How Long Do Water Heaters Last? (Average Lifespan)

We are all privileged to have a hot shower, and when we’re shocked by that cold sprinkle when the water heater goes out, we realize we’ve taken it for granted. You probably never want to go through that again, so it’s important to make sure your water heater is professionally installed and maintained. But how long do water heaters last? Well, it can depend.

How Long Do Water Heaters Last?

For the most part, the average lifespan of a standard water heater is 8 to 12 years. But this can be more or less depending on many factors such as:

  • How much sediment is in the water

  • Whether you have a filter or not

  • Daily usage

  • Size of your household

  • Performed maintenance

  • Type of water heater (tank vs. tankless)

This helpful guide will go through the average timeline of a water heater (by type) plus other factors that can contribute to extending or shortening your water heater’s lifespan.

Types of Water Heaters and How Long They Last 🕰

You’ve probably heard the never-ending debate of tankless vs. tank water heaters. While those are probably the most common water heaters, they’re not the only ones. There are five main types of water heaters to choose from— each with different pros, cons, and lifespans.

  1. Standard tank water heater

  2. Tankless water heater

  3. Heat pump water heater

  4. Condensing water heater

  5. Solar water heater

Standard or Conventional Water Heaters

Most people have a conventional water heater in their homes. That big tank in your basement or utility closet is responsible for heating the water from your faucets. It’s also one of the least energy-efficient methods of water heaters.

Although they’re not the most efficient, they are the most affordable option— which is why they’re so popular. The average lifespan of a standard tank water heater is 8 to 12 years. But this can be lessened by several years if it’s not properly maintained.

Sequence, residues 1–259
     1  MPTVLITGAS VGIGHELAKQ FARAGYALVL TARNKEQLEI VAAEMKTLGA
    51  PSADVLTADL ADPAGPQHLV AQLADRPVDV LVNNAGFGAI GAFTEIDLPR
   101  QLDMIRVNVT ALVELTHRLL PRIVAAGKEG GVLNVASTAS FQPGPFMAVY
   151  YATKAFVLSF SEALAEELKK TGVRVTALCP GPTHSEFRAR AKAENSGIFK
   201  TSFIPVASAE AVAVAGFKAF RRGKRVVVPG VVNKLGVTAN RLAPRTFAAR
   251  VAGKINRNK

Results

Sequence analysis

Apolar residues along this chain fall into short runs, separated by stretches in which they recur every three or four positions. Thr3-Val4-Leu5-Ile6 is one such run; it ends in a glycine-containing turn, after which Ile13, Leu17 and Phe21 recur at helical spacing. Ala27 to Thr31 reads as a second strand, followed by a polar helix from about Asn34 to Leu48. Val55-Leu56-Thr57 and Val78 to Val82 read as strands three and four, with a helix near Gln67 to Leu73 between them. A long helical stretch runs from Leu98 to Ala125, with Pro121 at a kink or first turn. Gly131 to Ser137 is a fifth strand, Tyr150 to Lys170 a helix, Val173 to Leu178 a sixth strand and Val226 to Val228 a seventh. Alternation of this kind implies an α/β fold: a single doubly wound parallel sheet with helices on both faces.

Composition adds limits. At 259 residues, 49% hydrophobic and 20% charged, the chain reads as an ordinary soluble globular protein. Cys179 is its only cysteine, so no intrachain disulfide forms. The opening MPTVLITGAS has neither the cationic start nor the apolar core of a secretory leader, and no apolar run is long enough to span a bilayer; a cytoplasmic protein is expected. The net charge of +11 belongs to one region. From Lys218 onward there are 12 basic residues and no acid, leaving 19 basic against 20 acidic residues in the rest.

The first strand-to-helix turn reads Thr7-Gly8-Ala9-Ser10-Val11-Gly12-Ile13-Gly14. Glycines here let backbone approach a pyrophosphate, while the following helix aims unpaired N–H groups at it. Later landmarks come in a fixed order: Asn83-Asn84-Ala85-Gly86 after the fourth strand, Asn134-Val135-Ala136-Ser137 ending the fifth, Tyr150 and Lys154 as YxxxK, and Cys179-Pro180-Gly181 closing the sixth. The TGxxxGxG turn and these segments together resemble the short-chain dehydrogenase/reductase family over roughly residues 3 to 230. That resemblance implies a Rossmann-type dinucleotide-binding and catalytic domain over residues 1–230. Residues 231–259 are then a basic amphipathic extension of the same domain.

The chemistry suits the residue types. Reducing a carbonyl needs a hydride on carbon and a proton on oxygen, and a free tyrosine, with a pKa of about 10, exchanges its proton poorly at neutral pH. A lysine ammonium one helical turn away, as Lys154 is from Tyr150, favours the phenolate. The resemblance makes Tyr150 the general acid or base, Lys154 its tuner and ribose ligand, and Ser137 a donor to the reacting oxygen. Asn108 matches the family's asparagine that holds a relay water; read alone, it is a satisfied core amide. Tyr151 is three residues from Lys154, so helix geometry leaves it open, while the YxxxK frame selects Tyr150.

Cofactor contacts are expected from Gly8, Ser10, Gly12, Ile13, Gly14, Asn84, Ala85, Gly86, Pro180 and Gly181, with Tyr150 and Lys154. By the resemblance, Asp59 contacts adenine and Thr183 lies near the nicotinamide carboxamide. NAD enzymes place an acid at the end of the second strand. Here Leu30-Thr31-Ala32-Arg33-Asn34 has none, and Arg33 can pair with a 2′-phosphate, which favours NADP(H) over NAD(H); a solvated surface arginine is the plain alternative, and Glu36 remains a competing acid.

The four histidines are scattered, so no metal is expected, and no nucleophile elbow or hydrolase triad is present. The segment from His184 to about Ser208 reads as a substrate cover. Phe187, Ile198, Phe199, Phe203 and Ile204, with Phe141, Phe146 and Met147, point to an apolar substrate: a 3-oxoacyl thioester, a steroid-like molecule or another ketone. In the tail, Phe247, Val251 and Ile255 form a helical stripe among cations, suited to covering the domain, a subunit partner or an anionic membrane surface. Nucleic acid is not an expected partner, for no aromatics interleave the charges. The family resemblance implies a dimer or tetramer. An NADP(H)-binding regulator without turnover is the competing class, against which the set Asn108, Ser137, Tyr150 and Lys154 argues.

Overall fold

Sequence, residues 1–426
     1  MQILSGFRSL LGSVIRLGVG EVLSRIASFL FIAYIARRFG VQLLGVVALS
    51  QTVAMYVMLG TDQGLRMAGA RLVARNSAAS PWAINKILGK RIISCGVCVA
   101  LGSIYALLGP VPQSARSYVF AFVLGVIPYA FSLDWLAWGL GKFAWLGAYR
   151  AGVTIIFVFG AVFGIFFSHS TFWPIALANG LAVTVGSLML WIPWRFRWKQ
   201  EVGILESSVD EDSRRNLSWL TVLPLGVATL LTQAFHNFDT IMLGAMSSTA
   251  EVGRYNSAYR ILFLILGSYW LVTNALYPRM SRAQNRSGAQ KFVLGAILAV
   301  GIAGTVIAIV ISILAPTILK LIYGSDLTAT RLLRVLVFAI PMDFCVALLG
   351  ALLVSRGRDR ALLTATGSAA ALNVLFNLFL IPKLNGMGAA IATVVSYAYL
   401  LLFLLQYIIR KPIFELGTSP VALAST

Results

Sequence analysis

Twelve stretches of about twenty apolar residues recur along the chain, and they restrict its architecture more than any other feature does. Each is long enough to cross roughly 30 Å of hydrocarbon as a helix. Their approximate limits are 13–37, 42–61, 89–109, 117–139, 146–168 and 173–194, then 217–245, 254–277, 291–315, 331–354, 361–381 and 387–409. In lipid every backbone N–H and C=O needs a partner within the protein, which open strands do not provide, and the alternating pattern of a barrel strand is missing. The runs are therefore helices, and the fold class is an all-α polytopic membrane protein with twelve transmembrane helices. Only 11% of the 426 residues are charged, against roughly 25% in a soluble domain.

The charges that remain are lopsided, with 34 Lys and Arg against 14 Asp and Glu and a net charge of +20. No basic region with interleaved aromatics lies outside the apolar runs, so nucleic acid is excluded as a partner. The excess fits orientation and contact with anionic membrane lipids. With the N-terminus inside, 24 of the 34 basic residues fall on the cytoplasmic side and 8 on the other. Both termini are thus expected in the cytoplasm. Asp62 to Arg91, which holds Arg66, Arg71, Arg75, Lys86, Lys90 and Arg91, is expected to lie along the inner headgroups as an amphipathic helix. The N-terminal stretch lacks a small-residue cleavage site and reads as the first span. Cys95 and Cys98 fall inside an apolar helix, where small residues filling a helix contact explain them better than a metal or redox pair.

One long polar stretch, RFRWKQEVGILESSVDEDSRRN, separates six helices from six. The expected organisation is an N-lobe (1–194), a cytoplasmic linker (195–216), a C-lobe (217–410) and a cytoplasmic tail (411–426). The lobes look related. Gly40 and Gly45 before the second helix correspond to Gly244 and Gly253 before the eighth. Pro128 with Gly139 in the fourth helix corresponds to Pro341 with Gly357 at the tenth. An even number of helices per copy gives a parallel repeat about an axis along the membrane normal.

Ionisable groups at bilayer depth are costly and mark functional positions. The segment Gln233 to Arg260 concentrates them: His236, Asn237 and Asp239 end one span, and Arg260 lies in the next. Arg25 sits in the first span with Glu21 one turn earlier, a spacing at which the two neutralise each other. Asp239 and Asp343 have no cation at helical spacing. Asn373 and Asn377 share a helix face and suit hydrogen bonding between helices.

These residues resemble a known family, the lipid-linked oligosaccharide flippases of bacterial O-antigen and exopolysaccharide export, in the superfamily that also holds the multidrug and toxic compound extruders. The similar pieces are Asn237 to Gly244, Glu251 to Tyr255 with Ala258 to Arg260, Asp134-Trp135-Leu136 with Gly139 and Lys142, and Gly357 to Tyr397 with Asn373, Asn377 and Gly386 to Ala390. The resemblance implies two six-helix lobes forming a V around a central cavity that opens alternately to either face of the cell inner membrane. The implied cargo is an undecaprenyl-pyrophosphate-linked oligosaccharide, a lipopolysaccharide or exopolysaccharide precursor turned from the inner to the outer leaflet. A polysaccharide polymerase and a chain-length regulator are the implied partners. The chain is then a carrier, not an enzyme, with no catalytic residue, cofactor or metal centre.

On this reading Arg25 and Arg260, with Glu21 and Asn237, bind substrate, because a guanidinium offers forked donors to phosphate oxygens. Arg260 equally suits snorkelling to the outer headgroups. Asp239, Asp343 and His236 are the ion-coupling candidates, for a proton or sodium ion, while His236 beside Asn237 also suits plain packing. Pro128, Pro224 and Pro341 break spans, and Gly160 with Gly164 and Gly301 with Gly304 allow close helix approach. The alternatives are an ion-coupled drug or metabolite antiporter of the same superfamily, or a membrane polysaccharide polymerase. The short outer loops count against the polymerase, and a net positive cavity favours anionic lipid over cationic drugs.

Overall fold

Tankless Water Heaters

A tankless water heater is a more efficient option because it doesn’t have to heat and store water like a standard water heater. Instead, it heats the water on demand.

Tankless water heaters are known as “on-demand” or “instantaneous” water heaters. They generally mount to the wall, and as water passes through them, the body of the tankless heater heats that water and carries it to the faucet when needed. The average lifespan for a well-maintained tankless water heater is 20-30 years!

Heat Pump Water Heaters

Heat pump water heaters are one of the most energy-efficient types of water heaters— using nearly 60% less energy to function than conventional heaters. They function by transferring heat from the surrounding air into the water— making them ideal for warmer climates.

Although they’re an excellent choice for efficiency, they’re also one of the more expensive options and need more space. The average lifespan for a heat pump water heater is about 6-10 years, paling in comparison to even conventional systems.

Condensing Water Heaters

Condensing water heaters are very similar to conventional heaters— but with one key difference. They have a secondary heat exchanger that helps recycle the water vapor created from burning natural gas or propane. This makes them much more efficient than conventional models.